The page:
The current cohort of Wellcome Master’s Fellows in Public Health and Tropical Medicine met their funders at Wellcome offices in London on 28th June, 2018. Wellcome organised the event, titled “Wellcome Master’s in Public Health and Tropical Medicine Day” to provide an opportunity for the Master’s Fellows in Public Health and Tropical Medicine to network with fellow holders of the fellowship and to showcase and enlighten them about the broad range of research that Wellcome supports in low- or middle- income countries.
MLW’s 2017 to 2021 fellows: Lizzie Tchongwe-Divala, Melody Sakala, Donnie Mategula, Mphatso Phiri and Rhosheen Mthawanji, attended together with fellows from other countries including Kenya, Uganda, Tanzania, Vietnam, Guatemala and Sudan.
The meeting was chaired by Wellcome Career Development Lead, Dr Branwen Hennig, supported by several grants advisors, The Wellcome Director of Science, Dr Simon Kay; The International Operations and Partnership Adviser, Claire Fearn; International Engagement Relationships Manager, Georgia Bladon; The Wellcome Open Research coordinator, Diego Baptista and Wellcome Infection and Immunobiology Team Manager, Dr Sheilagh Molloy who all took turns to share their work and career and life advice to the attendees.
In addition to networking, several issues were discussed at the meeting. The fellows were updated on the change of name of several Wellcome fellowships following a recent review of the schemes. The rebranding is aimed at attracting a broader group of scientists with more diverse research backgrounds. The Master’s Fellowships in Public Health and Tropical Medicine scheme now bears a new name – The International Master’s Fellowship – as of 4 June 2018, with the current cohort the last one to bear the former name. The fellows were also updated on several Wellcome activities within low or middle-income countries including those at the Africa and Asia Programmes in Kenya Malawi, South Africa, Thailand and Vietnam; at The Alliance for Accelerating Excellence in Science in Africa and the DELTAS schemes to establish cutting-edge research and training programmes across the African continent.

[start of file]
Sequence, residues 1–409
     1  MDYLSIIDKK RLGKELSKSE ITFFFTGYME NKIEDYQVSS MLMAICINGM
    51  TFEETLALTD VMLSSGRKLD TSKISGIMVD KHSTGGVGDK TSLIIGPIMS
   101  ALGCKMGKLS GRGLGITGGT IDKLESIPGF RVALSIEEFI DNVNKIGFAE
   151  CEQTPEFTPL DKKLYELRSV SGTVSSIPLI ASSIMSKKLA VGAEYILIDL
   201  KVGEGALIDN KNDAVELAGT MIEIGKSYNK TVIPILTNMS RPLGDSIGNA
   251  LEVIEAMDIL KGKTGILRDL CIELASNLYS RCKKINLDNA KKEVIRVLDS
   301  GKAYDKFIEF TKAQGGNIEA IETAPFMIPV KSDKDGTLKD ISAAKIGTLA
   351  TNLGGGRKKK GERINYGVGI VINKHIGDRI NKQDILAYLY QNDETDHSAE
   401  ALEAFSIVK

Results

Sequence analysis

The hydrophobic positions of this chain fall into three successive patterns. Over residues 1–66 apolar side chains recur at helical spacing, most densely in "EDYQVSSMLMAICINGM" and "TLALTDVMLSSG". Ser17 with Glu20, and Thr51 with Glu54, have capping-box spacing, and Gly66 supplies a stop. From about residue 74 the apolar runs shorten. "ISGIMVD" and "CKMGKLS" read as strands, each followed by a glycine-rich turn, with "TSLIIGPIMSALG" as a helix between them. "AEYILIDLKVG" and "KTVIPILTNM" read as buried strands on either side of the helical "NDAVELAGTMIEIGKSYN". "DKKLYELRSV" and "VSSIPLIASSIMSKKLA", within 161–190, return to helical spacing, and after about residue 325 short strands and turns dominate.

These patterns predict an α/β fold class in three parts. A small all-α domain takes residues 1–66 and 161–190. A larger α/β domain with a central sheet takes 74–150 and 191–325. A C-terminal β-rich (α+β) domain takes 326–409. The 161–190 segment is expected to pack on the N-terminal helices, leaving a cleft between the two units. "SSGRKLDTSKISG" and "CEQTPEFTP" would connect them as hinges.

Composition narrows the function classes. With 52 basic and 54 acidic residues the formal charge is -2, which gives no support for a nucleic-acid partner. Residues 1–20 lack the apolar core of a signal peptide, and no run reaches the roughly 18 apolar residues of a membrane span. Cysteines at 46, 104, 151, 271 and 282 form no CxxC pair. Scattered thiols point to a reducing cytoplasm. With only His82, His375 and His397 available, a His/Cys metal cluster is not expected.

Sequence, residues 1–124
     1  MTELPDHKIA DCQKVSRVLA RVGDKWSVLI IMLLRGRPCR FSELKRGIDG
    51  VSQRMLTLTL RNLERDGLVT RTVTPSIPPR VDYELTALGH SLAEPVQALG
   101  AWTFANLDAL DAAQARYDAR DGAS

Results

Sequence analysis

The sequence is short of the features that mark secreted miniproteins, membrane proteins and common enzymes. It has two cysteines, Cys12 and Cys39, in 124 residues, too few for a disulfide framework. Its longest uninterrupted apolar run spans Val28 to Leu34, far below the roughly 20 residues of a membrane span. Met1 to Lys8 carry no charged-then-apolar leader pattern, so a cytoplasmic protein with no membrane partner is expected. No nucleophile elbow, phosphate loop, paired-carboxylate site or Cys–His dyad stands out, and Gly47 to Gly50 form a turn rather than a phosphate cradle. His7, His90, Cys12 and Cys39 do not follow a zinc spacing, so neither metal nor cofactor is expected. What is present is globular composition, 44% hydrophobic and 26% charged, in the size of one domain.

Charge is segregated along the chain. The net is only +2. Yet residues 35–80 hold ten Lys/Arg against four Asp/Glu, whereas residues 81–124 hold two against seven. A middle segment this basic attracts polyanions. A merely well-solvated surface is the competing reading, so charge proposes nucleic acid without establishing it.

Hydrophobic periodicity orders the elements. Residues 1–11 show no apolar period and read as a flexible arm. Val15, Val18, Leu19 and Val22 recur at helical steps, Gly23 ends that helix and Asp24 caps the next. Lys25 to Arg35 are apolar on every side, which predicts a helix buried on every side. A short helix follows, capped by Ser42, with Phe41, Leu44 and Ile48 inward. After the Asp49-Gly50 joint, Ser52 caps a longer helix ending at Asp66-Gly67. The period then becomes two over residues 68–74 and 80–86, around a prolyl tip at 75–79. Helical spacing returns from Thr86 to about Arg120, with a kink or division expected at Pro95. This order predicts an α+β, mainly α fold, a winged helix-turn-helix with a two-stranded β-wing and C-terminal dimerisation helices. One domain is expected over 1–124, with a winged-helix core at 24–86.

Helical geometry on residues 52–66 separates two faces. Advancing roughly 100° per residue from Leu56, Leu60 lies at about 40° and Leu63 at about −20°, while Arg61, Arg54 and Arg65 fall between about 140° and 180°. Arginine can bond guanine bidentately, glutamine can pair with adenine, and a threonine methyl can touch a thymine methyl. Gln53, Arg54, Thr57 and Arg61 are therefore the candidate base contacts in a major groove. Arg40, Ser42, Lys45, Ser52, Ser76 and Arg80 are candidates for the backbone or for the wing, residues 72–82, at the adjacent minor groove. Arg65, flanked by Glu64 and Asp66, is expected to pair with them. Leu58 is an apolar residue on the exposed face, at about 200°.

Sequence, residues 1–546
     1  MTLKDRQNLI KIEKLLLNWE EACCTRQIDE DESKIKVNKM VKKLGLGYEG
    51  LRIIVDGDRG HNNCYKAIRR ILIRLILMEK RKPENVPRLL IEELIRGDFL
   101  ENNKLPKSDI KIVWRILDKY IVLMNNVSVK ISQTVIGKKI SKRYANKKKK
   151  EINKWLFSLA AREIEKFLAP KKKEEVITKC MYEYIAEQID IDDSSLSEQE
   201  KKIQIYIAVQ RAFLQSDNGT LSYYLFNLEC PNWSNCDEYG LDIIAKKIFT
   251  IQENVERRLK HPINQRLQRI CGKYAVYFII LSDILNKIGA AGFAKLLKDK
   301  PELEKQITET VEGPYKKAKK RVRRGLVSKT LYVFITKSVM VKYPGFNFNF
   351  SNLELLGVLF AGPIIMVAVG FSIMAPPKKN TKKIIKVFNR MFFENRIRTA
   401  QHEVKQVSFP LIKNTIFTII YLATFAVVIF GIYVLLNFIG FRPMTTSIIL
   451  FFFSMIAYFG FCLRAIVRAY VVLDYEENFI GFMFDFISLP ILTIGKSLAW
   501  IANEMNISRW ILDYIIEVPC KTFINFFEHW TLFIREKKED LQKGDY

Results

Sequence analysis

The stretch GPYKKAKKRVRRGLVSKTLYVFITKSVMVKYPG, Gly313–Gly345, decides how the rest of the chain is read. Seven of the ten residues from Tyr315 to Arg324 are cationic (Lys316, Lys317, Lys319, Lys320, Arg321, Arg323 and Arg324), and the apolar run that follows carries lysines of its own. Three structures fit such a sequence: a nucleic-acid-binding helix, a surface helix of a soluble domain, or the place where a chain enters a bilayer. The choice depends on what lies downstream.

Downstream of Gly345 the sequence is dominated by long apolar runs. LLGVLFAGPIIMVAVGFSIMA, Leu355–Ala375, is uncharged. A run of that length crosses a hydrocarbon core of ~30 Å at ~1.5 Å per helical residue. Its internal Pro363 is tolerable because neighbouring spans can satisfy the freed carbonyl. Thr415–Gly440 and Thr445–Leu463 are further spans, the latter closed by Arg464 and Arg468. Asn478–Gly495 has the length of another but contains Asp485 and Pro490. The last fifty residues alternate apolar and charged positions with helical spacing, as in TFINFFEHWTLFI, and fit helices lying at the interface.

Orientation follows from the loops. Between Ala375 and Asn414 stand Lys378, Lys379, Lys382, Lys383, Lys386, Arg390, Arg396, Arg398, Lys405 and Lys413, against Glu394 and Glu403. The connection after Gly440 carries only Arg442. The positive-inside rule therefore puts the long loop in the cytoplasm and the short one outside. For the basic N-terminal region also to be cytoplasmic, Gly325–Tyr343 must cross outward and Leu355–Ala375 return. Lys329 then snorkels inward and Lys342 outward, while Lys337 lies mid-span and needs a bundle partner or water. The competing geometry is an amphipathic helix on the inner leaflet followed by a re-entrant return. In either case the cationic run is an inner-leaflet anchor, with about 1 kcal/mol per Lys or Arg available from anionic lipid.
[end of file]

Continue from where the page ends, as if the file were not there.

The meeting also provided a platform to encourage the fellows to publish on the Wellcome Open Research platform; which is a new way for Wellcome-funded researchers to expedite sharing results from their work. There was also a discussion on how Wellcome values public engagement and the need to have creative ways to engage with the public when conducting research, even through nontraditional platforms such as social media.
The guest of honor was Professor Faith Osier from the University of Heidelberg who shared her inspiring personal story of her career development, to which Wellcome has been a major contributor. She also gave a special lecture titled “People versus Parasites: Learning to win against Plasmodium Falciparum malaria.”
Commenting on her thoughts about the meeting, Rhosheen Mthawanji said “It was a remarkable day. The event was not only well organized, but also it gave us the opportunity to be inspired by the lovely Faith Osier and meet other fellows who are completing their fellowships. The day was filled with so many speakers and activities. However, the highlight of the day for me was when we strategised on what makes a good fellowship application, this was an in-depth look at what the Wellcome Trust looks for in a candidate, this activity really gave us insights on how to approach future applications”